• V. Cheung, D. Watson, J. Vermeulen, M. Hancock, and S. Scott, Overcoming Interaction Barriers in Large Public Displays Using Personal Devices, in Extended Abtracts of the Ninth ACM International Conference on Interactive Tabletops and Surfaces, New York, NY, USA, 2014, pp. 375-380.
    @inproceedings{Cheung:2014:OIB:2669485.2669549,
    author = {Cheung, Victor and Watson, Diane and Vermeulen, Jo and Hancock, Mark and Scott, Stacey},
    title = {Overcoming Interaction Barriers in Large Public Displays Using Personal Devices},
    booktitle = {Extended Abtracts of the Ninth ACM International Conference on Interactive Tabletops and Surfaces},
    series = {ITS '14},
    year = {2014},
    isbn = {978-1-4503-2587-5},
    location = {Dresden, Germany},
    pages = {375--380},
    numpages = {6},
    url = {http://doi.acm.org/10.1145/2669485.2669549},
    doi = {10.1145/2669485.2669549},
    acmid = {2669549},
    publisher = {ACM},
    address = {New York, NY, USA},
    keywords = {interaction design, large interactive displays, personal devices},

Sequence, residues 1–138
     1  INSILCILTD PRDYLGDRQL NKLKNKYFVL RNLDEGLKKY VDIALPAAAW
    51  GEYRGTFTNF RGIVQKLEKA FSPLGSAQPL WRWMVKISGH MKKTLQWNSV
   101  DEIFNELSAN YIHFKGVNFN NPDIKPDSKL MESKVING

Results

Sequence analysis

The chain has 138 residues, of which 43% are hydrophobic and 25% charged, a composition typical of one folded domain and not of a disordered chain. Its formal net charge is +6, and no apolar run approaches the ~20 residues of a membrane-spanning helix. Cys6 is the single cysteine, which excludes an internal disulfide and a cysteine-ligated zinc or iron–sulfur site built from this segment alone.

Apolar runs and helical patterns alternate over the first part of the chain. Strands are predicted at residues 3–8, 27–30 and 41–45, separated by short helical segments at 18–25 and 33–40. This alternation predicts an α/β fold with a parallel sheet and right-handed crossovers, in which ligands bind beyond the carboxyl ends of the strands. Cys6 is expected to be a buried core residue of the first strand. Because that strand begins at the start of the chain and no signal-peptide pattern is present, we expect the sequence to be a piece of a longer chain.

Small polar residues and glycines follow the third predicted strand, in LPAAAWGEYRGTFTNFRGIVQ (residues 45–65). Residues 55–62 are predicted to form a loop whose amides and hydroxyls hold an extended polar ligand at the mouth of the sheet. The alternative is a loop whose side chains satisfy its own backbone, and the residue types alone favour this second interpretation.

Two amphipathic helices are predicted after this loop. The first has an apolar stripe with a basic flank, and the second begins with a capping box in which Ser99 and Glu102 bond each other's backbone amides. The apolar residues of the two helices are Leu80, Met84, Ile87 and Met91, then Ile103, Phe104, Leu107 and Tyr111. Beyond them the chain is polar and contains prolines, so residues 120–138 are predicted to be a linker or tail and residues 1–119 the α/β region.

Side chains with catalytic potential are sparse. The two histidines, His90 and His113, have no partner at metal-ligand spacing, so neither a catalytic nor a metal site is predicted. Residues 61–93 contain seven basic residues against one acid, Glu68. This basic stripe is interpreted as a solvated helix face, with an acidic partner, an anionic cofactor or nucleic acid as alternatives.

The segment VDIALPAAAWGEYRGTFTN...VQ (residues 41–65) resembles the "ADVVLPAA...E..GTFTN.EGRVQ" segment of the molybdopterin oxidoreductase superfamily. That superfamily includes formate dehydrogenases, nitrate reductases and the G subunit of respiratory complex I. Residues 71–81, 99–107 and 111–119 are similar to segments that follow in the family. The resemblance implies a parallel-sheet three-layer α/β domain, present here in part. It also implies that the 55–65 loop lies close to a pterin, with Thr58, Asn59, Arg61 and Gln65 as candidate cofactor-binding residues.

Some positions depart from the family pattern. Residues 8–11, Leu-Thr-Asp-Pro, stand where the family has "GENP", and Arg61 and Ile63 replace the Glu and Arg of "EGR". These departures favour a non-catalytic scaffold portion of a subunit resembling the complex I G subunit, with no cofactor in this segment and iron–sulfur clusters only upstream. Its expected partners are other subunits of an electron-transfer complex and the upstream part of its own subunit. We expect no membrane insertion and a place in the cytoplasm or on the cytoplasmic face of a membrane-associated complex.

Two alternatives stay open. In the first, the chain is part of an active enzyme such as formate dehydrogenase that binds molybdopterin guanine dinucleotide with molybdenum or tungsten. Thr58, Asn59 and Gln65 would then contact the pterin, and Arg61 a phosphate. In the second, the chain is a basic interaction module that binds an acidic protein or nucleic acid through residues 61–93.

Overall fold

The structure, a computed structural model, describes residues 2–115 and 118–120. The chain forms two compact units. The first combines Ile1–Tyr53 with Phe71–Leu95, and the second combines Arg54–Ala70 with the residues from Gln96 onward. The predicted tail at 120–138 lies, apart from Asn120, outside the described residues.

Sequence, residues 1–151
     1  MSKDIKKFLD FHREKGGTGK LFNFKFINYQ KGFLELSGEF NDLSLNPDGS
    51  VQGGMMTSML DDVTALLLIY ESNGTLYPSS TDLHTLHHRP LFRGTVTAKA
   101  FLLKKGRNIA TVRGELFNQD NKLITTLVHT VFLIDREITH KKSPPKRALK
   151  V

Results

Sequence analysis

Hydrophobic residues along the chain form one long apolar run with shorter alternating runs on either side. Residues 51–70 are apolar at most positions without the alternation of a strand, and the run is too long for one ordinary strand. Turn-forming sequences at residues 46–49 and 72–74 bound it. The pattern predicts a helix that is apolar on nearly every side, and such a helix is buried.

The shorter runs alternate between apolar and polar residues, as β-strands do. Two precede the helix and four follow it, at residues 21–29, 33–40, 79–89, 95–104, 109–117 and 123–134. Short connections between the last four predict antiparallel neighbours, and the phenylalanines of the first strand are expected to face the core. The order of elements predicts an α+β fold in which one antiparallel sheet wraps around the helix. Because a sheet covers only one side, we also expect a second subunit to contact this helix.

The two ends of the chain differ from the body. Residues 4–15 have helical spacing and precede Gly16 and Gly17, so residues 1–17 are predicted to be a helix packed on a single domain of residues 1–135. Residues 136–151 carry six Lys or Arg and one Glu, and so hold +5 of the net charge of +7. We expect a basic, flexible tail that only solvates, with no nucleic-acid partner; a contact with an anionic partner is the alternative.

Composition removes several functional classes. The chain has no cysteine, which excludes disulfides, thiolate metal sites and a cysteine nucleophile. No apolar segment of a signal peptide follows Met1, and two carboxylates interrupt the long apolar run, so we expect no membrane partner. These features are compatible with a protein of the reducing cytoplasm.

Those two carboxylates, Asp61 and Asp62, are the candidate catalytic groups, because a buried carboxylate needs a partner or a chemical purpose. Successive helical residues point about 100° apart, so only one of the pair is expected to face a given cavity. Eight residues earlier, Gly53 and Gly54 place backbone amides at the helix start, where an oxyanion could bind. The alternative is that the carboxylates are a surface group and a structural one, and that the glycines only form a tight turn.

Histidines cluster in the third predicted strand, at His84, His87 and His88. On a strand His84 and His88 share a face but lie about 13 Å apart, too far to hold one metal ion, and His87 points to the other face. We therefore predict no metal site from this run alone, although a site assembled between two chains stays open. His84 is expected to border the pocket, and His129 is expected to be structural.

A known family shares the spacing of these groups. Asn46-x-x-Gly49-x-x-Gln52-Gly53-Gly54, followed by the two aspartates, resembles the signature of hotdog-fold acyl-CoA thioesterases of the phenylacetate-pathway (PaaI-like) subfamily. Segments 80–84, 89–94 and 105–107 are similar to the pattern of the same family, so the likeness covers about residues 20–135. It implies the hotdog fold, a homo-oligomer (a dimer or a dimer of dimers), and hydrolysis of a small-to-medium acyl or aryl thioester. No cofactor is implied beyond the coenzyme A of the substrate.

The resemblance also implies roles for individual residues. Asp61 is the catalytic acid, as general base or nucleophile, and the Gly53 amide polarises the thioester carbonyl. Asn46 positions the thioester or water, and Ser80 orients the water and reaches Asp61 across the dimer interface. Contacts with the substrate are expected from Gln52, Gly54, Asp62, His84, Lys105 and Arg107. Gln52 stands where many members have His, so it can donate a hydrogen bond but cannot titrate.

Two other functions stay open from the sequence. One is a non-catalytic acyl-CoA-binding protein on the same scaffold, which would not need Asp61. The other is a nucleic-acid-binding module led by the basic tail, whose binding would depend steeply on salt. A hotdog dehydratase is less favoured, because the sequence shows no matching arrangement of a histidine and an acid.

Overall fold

}

  • D. Watson, D. Valtchanov, M. Hancock, and R. Mandryk, Designing a Gameful System to Support the Collection, Curation, Exploration, and Sharing of Sports Memorabilia, in Extended Abtracts of the First ACM SIGCHI Annual Symposium on Computer-human Interaction in Play, New York, NY, USA, 2014, pp. 451-452.
    @inproceedings{Watson:2014:DGS:2658537.2661322,
    author = {Watson, Diane and Valtchanov, Deltcho and Hancock, Mark and Mandryk, Regan},
    title = {Designing a Gameful System to Support the Collection, Curation, Exploration, and Sharing of Sports Memorabilia},
    booktitle = {Extended Abtracts of the First ACM SIGCHI Annual Symposium on Computer-human Interaction in Play},
    series = {CHI PLAY '14},
    year = {2014},
    isbn = {978-1-4503-3014-5},
    location = {Toronto, Ontario, Canada},
    pages = {451--452},
    numpages = {2},
    url = {http://doi.acm.org/10.1145/2658537.2661322},
    doi = {10.1145/2658537.2661322},
    acmid = {2661322},
    publisher = {ACM},
    address = {New York, NY, USA},